[50:29] I have become convinced since writing this book that juries should never be able to see the defendants in a jury trial; that that is just crazy. Why? Because the kind of snap judgments a jury is likely to make about a defendant from seeing the defendant are all irrelevant…
Every year someone stands up and points out that there are huge differentials in the conviction rates and sentences for blacks and whites convicted of the same crime. And yet we make that observation and kind of shrug and say, “Well, that’s America.”
We don’t have to live with that. Why don’t we do something about it?
I would bet every dollar I own that if we put the defendant in a backroom and had the defendant answer all questions by email that the gap between black and white defendants, the sentences and conviction rates would shrink.
I absolutely believe that.
I do too.
NOTE: This post’s title is a quote from Richards’ apology.
Global Orgasm Day
Uh, on December 22 I’ll be sleeping at my parent’s house:
The mission of the Global Orgasm is to effect change in the energy field of the Earth through input of the largest possible surge of human energy. Now that there are two more US fleets heading for the Persian Gulf with anti- submarine equipment that can only be for use against Iran, the time to change Earth’s energy is NOW! Read more about the fleet buildup here.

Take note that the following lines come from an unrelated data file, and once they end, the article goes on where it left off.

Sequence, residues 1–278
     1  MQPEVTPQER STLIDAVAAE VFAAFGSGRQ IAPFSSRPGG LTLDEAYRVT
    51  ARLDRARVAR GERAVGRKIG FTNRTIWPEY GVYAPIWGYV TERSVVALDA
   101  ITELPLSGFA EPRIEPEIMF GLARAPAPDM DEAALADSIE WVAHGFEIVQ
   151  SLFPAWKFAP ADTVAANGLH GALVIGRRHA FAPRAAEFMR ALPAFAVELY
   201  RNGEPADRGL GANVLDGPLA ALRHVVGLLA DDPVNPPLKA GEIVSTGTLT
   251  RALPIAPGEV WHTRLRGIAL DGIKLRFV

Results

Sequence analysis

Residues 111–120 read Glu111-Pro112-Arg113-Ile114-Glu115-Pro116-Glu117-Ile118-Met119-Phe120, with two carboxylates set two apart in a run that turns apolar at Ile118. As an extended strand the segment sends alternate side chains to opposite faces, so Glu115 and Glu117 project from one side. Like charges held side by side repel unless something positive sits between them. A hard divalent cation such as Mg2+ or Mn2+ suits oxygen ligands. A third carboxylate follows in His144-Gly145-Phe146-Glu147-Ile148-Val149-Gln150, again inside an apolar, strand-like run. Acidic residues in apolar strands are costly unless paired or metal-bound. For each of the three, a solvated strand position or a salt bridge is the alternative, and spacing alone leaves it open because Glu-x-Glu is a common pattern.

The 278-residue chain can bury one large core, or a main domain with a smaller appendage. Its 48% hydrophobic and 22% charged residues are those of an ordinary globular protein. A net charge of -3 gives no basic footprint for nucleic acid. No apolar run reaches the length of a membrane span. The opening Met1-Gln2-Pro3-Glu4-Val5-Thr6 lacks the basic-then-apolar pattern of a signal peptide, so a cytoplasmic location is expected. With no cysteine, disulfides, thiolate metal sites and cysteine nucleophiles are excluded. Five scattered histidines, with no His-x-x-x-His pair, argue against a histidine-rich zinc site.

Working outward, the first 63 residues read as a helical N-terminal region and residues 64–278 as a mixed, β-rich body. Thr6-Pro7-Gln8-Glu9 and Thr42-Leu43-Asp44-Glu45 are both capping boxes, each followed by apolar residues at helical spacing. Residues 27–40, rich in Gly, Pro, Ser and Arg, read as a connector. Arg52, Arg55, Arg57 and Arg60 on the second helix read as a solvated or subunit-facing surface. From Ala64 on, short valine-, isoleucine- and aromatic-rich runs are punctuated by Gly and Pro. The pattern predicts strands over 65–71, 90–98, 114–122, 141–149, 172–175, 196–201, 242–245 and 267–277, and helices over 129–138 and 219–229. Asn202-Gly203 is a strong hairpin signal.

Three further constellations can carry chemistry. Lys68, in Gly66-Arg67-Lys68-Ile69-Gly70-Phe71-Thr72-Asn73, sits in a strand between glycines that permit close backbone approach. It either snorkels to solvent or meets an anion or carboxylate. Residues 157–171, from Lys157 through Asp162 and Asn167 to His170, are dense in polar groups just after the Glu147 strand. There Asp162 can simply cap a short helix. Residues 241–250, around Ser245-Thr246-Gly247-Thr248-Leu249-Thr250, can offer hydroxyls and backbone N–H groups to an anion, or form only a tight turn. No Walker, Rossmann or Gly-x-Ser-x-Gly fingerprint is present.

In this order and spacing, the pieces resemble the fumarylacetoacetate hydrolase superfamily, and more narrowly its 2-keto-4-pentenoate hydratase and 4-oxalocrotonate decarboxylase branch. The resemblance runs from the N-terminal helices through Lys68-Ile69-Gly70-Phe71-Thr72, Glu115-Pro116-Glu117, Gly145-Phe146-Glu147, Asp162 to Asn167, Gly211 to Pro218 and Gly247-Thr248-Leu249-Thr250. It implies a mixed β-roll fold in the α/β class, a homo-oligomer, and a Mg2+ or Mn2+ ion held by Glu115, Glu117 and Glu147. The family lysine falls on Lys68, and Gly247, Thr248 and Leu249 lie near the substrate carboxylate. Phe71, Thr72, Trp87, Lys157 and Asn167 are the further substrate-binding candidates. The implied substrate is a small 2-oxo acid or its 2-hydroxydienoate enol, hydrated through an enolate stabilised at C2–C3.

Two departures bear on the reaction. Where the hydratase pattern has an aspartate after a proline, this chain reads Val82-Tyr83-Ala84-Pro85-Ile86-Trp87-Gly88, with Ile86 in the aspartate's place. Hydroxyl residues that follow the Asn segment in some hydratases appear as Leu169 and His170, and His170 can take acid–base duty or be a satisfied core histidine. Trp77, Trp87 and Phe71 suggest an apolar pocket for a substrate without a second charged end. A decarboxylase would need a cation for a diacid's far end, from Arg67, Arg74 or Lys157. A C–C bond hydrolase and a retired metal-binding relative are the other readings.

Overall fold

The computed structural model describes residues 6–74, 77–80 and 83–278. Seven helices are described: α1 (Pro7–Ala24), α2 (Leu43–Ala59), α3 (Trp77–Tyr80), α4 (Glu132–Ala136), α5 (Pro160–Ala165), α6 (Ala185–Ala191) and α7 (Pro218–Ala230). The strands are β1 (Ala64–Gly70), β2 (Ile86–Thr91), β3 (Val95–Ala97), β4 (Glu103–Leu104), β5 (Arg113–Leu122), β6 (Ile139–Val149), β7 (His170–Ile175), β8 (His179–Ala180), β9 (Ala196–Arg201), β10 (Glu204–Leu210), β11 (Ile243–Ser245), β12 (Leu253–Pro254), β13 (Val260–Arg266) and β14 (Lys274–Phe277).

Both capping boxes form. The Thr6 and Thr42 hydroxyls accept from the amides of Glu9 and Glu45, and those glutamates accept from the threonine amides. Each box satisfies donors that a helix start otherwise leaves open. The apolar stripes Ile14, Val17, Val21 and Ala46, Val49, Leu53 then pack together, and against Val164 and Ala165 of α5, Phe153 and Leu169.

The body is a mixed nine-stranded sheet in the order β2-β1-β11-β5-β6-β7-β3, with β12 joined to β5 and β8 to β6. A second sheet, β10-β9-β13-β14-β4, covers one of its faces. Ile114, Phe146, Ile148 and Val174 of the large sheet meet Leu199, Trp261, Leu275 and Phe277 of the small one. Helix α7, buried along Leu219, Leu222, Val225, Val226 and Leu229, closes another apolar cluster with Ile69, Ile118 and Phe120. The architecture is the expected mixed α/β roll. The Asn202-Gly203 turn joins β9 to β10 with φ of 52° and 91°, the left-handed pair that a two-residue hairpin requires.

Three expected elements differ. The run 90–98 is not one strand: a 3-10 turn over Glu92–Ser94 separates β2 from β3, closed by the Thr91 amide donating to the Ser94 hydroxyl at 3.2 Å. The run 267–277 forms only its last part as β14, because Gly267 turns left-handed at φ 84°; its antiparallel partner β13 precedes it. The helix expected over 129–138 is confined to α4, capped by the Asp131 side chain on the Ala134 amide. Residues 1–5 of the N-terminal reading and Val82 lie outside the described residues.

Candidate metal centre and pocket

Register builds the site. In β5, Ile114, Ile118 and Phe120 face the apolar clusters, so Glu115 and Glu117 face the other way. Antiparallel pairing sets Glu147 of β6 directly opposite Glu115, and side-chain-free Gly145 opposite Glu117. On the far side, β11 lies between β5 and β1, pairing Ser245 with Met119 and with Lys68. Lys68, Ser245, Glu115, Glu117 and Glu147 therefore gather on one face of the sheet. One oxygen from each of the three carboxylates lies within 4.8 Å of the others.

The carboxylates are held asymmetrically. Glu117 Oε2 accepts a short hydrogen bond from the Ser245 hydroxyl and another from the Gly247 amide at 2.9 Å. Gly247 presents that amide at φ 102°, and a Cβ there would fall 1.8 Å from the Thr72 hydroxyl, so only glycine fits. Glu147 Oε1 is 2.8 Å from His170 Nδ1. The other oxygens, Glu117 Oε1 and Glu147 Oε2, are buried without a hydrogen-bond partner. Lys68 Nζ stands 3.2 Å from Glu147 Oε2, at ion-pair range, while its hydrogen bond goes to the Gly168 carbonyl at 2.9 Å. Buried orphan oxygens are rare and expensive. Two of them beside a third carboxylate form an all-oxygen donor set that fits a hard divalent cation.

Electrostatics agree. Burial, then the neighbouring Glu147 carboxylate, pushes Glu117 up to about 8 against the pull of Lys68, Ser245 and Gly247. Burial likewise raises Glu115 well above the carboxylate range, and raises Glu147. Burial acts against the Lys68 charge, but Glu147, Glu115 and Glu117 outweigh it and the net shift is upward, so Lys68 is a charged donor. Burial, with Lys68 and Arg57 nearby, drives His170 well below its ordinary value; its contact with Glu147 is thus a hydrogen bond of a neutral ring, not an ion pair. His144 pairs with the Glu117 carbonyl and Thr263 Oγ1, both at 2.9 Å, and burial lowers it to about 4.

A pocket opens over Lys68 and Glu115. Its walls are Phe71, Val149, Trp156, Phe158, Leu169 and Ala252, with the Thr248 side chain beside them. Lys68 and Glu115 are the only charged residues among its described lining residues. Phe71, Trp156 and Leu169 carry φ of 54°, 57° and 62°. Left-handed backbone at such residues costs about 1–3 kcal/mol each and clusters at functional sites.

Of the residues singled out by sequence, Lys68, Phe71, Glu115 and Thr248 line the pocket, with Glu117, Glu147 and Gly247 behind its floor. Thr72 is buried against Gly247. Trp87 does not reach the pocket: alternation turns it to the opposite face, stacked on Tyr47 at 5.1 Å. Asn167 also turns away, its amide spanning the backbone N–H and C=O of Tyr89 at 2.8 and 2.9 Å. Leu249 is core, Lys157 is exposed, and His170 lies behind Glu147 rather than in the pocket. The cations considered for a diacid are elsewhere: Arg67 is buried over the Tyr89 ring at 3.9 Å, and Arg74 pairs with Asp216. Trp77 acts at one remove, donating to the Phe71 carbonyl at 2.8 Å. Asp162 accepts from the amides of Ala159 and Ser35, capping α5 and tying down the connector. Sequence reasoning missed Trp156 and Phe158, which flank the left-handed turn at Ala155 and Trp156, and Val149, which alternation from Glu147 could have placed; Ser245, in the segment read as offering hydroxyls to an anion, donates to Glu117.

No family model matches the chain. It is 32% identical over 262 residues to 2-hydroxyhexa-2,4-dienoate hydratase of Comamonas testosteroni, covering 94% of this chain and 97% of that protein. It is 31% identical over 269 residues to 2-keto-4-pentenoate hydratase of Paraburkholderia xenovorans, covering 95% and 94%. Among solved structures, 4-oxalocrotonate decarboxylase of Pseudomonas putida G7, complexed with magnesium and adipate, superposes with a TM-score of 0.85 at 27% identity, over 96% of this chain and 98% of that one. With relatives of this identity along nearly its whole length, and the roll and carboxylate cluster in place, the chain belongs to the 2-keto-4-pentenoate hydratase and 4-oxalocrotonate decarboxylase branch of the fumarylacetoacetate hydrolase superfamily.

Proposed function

The intent is that the participants concentrate any thoughts during and after orgasm on peace. The combination of high- energy orgasmic energy combined with mindful intention may have a much greater effect than previous mass meditations and prayers.
The goal is to add so much concentrated and high-energy positive input into the energy field of the Earth that it will reduce the current dangerous levels of aggression and violence throughout the world.
Global Orgasm is an experiment open to everyone in the world.
We hope the results will register on the worldwide monitor system of the Global Consciousness Project.
This is the First Annual Solstice Synchronized Global Orgasm for Peace, leading up to the December Solstice of 2012, when the Mayan Calendar ends with a new beginning.
Monday, November 20, 2006
Stop looking South!
SEE ALSO: Race here.
[T]he fact that the only two Democrats who almost lost House seats despite the blue wave--which means we had to waste resources on defense rather than spending it on offense--were in Georgia